History students simulate senate trial

Superintendent Lacy Freeman shakes hands with junior Allison Grissett during the history class simulation. Freeman joined the class for the first day of the activity.

Making a decision in congress takes a lot of effort. The dual credit history students got a little taste of just how hard it is to pass laws in the senate with a simulated trial last week.

For the trial, the students were split into regions of the United States set in the year 1820. On Monday, the students got to try to sway the votes of other regions. On Tuesday, the students voted. The region with the most laws passed got three one-hundred grade as their reward.

“The students were very active and engaged in the negotiating activity,” teacher Jill Henson said. “I hope it teaches the students, not just how congress works, but also the difficulties of how laws are passed,”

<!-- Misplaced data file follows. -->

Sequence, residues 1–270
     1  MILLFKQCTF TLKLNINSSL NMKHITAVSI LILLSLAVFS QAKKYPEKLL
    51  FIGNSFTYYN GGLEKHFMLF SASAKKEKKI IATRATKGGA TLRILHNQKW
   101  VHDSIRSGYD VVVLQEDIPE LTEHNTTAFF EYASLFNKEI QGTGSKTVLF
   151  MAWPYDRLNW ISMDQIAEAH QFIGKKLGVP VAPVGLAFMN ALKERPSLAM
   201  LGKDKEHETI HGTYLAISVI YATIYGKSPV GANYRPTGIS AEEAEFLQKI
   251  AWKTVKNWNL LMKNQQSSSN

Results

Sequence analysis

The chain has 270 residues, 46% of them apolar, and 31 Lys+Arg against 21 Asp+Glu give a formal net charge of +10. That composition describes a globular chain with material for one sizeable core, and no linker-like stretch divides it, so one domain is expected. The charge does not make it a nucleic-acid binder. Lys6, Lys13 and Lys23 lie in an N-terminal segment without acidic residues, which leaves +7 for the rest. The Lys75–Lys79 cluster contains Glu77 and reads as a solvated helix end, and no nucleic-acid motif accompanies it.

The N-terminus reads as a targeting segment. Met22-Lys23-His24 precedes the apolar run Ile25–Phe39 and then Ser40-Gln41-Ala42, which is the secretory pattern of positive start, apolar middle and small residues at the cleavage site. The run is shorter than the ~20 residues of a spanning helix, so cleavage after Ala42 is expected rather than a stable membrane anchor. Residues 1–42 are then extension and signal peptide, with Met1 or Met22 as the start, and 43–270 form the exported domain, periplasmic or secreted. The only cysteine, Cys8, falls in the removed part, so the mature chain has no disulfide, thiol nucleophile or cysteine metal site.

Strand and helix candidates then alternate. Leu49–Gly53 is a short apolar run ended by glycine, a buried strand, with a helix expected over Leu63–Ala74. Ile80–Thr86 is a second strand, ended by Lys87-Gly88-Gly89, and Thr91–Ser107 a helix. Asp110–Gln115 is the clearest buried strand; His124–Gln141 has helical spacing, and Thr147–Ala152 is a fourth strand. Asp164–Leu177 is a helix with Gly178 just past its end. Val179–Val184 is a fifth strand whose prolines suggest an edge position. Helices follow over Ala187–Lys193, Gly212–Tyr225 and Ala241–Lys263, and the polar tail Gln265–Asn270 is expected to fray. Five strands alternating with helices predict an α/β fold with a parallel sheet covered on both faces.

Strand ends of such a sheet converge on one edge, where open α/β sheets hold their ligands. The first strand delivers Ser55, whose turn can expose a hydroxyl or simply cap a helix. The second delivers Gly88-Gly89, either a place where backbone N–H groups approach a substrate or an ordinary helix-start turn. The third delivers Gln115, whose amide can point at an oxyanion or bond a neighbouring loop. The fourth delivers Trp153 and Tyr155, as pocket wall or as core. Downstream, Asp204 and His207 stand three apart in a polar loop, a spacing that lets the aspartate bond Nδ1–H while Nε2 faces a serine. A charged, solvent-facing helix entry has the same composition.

There were many heated discussions that went on during the negotiation day.

“The negotiations were pretty funny because everyone was taking it very seriously and it got really intense,” junior Diana Avila said. “As for the voting, it was cool to see who made deals with who and what the outcomes were.”

On the voting day the students realized the educational aspect of the activity and found out the results.

“I believe that it was a marvelous way to involve my classmates and I in a fun and educational activity,” junior Abby Smith said. “I think we have a better understanding of some of the inner workings of our government.”